The year 2020 delivered government intervention in the markets and a roller coaster of milk prices, which affected the strategies and financial performance of many. Yet, despite all that it was a good year for dairy. And that brought healing to farm balance sheets that were negatively impacted from 2016 to 2018.
After a couple of profitable years for many dairy operations, 2021 affords the opportunity for continued success. Many dairy producers have made changes in recent years to how they manage their business.
Those changes include:
- Focusing on producing high components
- Continuous improvement in milk quality
- Managing heifer inventories
- Breeding a portion of the herd to beef
- Managing expenses intensively
- Making strategic investments
Many became more astute at creating budgets and projections, and setting operational and financial targets. While several benefitted from a high level of government support in 2020, it is difficult to imagine a repeat of that in the normal course of industry cycles. It is important to continue to manage all aspects of business to ensure success in 2021.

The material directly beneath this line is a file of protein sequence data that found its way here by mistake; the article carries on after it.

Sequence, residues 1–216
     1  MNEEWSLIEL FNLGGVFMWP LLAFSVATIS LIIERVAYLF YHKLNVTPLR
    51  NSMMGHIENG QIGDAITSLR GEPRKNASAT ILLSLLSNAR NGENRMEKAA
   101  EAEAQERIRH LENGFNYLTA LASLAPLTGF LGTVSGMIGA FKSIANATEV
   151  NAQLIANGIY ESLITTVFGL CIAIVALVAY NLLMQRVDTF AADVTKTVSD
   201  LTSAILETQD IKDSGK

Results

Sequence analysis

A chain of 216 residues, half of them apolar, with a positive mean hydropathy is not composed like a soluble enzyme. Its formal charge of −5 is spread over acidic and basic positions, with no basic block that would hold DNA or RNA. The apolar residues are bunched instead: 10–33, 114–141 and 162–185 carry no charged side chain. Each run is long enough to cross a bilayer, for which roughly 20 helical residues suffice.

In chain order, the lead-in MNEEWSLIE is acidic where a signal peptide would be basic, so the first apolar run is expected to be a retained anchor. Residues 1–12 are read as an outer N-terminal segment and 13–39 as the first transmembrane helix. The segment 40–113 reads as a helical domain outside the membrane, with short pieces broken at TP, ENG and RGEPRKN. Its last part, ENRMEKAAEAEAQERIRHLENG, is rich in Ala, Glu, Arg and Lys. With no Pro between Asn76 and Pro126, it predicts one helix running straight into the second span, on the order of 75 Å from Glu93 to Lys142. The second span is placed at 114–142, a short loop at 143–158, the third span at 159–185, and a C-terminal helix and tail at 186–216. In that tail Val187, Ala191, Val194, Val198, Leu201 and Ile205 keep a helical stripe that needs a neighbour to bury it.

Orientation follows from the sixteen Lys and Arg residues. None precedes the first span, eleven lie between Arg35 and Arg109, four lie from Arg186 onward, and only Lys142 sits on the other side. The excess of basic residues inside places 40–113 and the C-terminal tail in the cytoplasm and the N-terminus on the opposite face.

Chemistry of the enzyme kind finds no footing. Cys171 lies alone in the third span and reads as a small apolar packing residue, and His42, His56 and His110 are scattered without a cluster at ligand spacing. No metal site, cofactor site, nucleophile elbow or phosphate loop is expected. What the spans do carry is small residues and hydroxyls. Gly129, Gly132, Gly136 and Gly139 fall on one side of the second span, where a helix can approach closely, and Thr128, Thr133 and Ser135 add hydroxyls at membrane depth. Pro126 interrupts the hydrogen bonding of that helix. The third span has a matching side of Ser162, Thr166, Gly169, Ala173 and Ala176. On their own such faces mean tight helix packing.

The next couple of months will see the closing of financial information to determine exactly how 2020 ended. Now is the time to concentrate on the 2021 budget for next year, if that hasn’t already been started. Establishing an accurate budget is imperative, including realistic estimates for revenue and expenses to determine cash flow needs.
With an improved financial position and liquidity many operations will likely also look for opportunities to reinvest into their operation. If that is the case, develop a plan for capital expenditures for 2021 and share it with all stakeholders in the operation. Open communication with on-farm team members, advisors, and farm lender are essential to successfully implementing a plan for 2021.
In the last couple of years the net effect of milk prices has been positive. However large inventories of dairy products, increased productivity and a growing national cow herd can potentially pressure prices over the next 12 months. Feed costs also need to be top of mind, as there have already been some big jumps in the corn and soybean markets. Make sure to assess the degree to which financial performance is at risk. Continue to build on the last two years’ results to further strengthen the operation.
No one can predict when the government will intervene in an industry. If government intervention was detrimental to the 2020 strategy, maintain discipline and direction in 2021. And here’s to another strong year in the dairy industry.